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Don’t run. I am going to write a frightening word, but we can face it together: Co-production.

There. I did it. As an impact evaluator, I often have to help clients find ways to really co-produce data and evaluations, and it is not, often, something that happens without some failures. This can be frightening, because time is always of the essence and because funders want co-production (even when they don’t do it very well). It is proven to be transformative, though. It is worth doing and doing well, and it is worth learning from failure at it.

I am endeavouring to practice the things I preach as I work on The Way Ahead. The project seeks to build an infrastructure to help Civil Society organisations, which is as co-produced as possible. I am only working on the data sharing aspects, but studies have shown that open databases for civil society, which are co-produced, are more used and (assumably) more useful.

We have a lot of work to do. London is a large and very diverse community. We are going to have to pull our sleeves up and hit the streets, call all partners, think outside the box, and continually look at our stats to see if we are making any headway. We will also be able to gather information about various communities from digital resources, and we can use scholarship about populations, as well. The work requires real care, because simply having someone who identifies with a certain group, does not equal having a representative of the group. We can gather insights from individuals, and then investigate those insights, true, but that is not co-production.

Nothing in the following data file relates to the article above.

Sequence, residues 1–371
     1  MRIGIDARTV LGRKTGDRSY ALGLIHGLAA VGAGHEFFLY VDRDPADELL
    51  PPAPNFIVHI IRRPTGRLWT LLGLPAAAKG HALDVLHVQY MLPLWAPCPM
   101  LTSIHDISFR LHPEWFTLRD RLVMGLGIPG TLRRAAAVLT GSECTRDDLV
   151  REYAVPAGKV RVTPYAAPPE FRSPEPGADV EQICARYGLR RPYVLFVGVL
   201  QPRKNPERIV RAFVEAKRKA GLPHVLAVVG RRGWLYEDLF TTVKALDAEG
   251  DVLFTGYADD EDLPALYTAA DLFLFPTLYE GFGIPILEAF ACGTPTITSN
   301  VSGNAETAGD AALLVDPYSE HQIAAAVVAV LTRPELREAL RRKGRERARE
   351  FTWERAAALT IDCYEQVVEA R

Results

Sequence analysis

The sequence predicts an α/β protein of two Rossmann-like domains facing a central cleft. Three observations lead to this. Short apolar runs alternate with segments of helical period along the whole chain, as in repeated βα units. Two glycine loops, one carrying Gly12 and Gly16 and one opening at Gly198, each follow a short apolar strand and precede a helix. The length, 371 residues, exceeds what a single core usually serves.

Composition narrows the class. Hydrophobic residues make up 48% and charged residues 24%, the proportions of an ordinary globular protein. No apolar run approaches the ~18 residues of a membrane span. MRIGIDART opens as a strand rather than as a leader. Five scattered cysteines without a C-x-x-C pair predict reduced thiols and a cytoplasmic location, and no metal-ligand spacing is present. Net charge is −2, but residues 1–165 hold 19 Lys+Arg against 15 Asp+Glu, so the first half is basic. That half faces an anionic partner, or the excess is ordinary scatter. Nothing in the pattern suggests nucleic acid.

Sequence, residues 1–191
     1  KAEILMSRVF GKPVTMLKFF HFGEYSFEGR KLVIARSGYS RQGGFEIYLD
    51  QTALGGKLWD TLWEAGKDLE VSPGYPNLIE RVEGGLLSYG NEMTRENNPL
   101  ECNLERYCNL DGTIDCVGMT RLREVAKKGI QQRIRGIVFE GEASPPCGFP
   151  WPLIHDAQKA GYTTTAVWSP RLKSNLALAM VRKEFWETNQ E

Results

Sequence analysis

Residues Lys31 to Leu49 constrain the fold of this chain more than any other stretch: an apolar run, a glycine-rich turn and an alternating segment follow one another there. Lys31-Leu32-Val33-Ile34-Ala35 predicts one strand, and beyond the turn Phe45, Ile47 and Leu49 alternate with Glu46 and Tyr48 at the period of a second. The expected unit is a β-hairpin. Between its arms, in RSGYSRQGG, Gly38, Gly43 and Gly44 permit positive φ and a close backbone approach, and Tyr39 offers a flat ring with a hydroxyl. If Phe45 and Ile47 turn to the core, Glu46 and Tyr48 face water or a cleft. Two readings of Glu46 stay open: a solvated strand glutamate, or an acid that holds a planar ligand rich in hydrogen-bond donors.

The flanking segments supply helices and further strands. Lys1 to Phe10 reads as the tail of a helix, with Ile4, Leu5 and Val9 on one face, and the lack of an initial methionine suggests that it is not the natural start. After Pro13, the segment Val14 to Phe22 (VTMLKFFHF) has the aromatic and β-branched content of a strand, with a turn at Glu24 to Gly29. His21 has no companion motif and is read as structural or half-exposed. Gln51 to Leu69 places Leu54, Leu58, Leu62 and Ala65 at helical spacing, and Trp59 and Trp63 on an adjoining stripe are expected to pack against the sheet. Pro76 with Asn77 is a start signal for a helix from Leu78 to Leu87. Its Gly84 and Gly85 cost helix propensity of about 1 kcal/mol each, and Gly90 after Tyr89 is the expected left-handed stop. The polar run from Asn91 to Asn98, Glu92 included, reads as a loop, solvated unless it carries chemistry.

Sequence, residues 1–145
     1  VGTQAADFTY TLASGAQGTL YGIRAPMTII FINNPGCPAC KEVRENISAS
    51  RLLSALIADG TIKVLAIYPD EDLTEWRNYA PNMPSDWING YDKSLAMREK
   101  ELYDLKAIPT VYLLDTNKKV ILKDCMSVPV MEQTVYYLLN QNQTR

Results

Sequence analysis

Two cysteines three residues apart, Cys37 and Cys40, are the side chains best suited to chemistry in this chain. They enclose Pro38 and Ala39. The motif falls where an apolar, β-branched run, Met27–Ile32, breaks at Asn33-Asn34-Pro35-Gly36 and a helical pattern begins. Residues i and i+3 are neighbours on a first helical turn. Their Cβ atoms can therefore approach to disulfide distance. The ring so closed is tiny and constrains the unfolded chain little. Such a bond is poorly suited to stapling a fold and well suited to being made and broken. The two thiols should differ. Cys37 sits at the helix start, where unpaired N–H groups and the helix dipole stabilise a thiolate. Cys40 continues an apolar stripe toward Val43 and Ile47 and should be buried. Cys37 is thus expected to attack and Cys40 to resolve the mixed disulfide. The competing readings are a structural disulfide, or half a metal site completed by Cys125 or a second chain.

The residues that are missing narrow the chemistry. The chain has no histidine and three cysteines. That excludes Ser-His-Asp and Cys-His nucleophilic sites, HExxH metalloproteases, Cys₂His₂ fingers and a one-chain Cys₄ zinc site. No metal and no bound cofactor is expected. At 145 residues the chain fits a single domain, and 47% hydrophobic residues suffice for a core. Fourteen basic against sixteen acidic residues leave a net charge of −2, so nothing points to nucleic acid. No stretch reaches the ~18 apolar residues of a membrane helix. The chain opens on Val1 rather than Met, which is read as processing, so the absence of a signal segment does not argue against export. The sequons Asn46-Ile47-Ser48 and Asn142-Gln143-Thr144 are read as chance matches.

Co-production is a process and a product by which we provide an ongoing method for various stakeholders to be involved in, and provide insight to, research. The work of co-production often begins by identifying many different stakeholder groups and then finding out how to introduce your project, exhibit listening, and repeat. With each iteration, we gain some insight. Sometimes the new insight is from failure. Such is the nature of learning.

For example, I am part of a large minority in London, an immigrant from America. There are more than 60,000 of us living in London. Never assume that any opinion I have is anything like any other American, or even like other Americans in London. You will probably be very wrong. No one person can actually speak for large and diverse populations. BUT, if I tell you that I don’t want to come to your meeting about the data sharing project because I think it is only for people who were born in Britain and have a British accent, then: you have some insight worth investigating. Are non-UK born people not attending the events because of this perception? Something else? Or is it many things? By letting other non-UK-born persons know that you have heard the voice of one, you might encourage others to speak up, and then, you may find barriers that inhibit many from a group with a particular situation. (Maybe I am the only one who is intimidated by British accents.)

It is wonderful and fascinating work, co-producing, and I’ll keep you updated about our strategies and success or failure, here.

This week, I sent out various notices about the meeting in other languages, and I began looking for non-English language radio. I got a warm reception, which is a good start. We shall see how it goes. We’ll also be reaching out to different age groups (and diverse different age groups!), of course, and monitoring involvement by diverse people of various levels of education. It takes a whole range of people to get this right. If you want to help, please be in touch.

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